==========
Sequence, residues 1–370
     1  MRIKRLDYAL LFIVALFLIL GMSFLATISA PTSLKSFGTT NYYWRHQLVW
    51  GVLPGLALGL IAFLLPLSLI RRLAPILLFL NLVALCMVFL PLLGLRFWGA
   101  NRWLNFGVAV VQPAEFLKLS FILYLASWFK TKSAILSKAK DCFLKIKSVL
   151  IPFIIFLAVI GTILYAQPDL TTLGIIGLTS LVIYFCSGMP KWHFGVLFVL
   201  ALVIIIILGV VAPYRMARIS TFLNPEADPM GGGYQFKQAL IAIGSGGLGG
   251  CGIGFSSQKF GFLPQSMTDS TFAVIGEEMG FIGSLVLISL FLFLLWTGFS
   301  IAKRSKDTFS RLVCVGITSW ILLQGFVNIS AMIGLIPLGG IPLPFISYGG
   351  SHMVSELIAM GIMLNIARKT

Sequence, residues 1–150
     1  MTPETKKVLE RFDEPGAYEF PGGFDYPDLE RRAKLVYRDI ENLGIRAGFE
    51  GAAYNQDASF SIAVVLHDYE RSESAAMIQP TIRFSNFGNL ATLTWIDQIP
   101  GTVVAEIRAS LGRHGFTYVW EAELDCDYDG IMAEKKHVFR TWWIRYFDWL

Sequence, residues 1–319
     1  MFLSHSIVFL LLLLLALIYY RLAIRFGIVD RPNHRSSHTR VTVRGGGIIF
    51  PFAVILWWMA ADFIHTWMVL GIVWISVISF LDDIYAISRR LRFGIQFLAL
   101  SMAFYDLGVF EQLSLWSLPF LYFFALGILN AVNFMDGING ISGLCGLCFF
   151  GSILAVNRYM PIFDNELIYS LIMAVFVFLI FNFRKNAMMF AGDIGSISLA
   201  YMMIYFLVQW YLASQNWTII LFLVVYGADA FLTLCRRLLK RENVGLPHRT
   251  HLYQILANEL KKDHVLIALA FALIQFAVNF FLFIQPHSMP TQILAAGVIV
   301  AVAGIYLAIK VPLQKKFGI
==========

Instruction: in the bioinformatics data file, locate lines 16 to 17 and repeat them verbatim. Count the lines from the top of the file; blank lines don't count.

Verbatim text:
    51  PFAVILWWMA ADFIHTWMVL GIVWISVISF LDDIYAISRR LRFGIQFLAL
   101  SMAFYDLGVF EQLSLWSLPF LYFFALGILN AVNFMDGING ISGLCGLCFF